Over the past two years, the Robinson’s Arch area of the Kotel has frequently been referred to as a “compromise,” a “sell-out,” and worse. I’m simply tired of correcting the perception that this area is not the “real” Kotel. Put in the international news cycle in 2013 due to the ongoing struggle by Women of the Wall to pray Shacharit at the Kotel, it’s as if the area was discovered recently. In reality, Edward Robinson discovered the ruins in 1838. With many names: Robinson’s Arch, the Southern Wall, the Masorti Kotel, and now Azarat Yisrael, the area refers to the southern end of the Kotel, which, in its entirety, stretches 488 meters, most of which is hidden. For 15 years, since 2000, egalitarian prayer has taken place at the site under the auspices of the Masorti Movement in Israel.
The need for an additional area beyond the men’s and women’s sections became apparent in 1989 after repeated attacks by haredim on Women of the Wall and egalitarian minyanim. In 2003, Israel’s Supreme Court instructed the Israeli government to prepare the site for prayer. The site was inaugurated in August 2004. At that time, both Women of the Wall and the Reform Movement rejected it for different reasons. Women of the Wall continue to seek their separate minyan in the Women’s section. As a separate women’s minyan, an egalitarian prayer space was not deemed appropriate. Rabbi Eric Yoffe, then President of the Reform Movement, said Robinson’s Arch was an archaeological site, and not the site understood as the Kotel. The Masorti Movement welcomed the decision and, since then, has maintained the prayer site there. Had this area been previously accessible, like the little Kotel in the Arab Quarter, it too would have become a traditional site.
In 2013, following some highly publicized incidents between Women of the Wall Chair Anat Hoffman and Jerusalem police, Natan Sharansky, Chair of the Jewish Agency for Israel, unveiled the “One Kotel for One Jewish People” plan calling for a dedicated egalitarian prayer space at the Robinson’s Arch area of the Wall and equal access to all three prayer areas. JFNA also promised to work with Sharansky as he “develops a pathway whereby the Kotel is a spiritual center for all Jews and a symbol of unity for the entire Jewish community world-wide.” Worldwide speculation on how this would be accomplished ensued. What was not reported was the fact that, three years prior, the Masorti Movement in Israel had begun working quietly to create a plan for the site, also known as the Masorti Kotel, which was approved.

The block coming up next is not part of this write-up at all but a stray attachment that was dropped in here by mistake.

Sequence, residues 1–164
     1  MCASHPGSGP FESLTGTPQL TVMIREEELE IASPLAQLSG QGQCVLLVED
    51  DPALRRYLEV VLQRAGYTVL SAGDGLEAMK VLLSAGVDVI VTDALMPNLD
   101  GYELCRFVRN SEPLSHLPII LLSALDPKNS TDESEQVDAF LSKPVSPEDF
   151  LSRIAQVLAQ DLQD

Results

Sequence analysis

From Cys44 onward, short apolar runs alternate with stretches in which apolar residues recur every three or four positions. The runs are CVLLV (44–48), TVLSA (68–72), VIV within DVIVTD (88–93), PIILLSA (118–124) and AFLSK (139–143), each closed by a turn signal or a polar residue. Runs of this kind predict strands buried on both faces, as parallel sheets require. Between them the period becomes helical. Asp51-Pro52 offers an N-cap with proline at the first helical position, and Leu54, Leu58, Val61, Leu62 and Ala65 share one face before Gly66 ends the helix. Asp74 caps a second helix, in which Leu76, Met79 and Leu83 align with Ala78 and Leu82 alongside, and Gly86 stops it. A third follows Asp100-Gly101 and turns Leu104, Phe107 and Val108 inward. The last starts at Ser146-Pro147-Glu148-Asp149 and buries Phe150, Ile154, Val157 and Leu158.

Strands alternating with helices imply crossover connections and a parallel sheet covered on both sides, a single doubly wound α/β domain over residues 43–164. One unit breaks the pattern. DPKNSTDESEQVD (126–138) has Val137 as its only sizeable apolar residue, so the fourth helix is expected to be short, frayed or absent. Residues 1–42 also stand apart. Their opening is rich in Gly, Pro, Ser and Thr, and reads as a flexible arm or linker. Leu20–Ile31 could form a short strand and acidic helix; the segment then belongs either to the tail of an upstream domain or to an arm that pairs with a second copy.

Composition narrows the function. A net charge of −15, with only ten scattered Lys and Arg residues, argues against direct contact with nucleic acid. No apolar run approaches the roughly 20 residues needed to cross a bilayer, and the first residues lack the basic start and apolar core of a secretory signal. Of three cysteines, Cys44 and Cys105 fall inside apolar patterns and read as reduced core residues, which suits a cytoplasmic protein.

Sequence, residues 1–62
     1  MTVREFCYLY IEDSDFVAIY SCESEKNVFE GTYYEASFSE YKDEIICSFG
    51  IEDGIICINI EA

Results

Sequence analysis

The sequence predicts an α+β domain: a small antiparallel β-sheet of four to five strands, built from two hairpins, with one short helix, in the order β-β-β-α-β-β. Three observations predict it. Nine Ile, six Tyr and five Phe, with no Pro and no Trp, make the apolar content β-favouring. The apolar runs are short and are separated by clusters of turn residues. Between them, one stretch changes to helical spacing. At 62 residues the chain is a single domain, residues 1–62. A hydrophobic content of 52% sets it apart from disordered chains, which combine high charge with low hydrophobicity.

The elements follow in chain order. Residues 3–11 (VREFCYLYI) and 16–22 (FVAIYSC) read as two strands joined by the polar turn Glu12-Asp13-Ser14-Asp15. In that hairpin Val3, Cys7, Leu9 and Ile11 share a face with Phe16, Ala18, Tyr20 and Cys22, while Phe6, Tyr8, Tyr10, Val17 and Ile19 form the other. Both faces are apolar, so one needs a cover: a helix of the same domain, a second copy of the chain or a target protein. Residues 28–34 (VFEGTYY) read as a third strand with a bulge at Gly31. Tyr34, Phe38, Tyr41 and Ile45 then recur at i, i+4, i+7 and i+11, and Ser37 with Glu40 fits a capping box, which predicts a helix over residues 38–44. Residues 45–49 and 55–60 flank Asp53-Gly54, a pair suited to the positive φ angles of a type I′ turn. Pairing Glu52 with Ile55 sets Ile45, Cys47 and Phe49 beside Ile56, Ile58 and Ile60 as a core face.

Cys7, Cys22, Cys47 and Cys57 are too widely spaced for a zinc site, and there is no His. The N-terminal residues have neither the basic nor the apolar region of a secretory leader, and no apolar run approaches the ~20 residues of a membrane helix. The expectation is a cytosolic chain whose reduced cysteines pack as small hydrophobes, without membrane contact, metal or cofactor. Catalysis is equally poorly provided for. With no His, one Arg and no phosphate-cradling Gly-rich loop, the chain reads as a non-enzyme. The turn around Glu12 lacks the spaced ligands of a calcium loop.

Since the Sharansky announcement, discussion continues about whether Women of the Wall will accept a compromise to pray there. Left out of the discussions is the reality on the ground. What began almost 15 years ago with a few dozen minyanim, today the Masorti Movement welcomes an average of 700 minyanim annually, serving tens of thousands of people from around the world. This year, like last, Masorti will hold a Yom Kippur Mincha / Neilah at the site. Last year men, women, and families prayed together. Others, looking to pray separately, used the site as an opportunity to stand together in the shadow of our collective history – mothers, fathers, and children together.
Azarat Yisrael may not solve the issue of whether a women’s minyan should be allowed in the women’s section of the Kotel, but it is not a compromise. It is not a sell-out. It is the start of the fulfilment of the promise made in Israel’s declaration to “guarantee freedom of religion.” This was a promise made to all Jews, and we are free to worship at our Kotel in our way.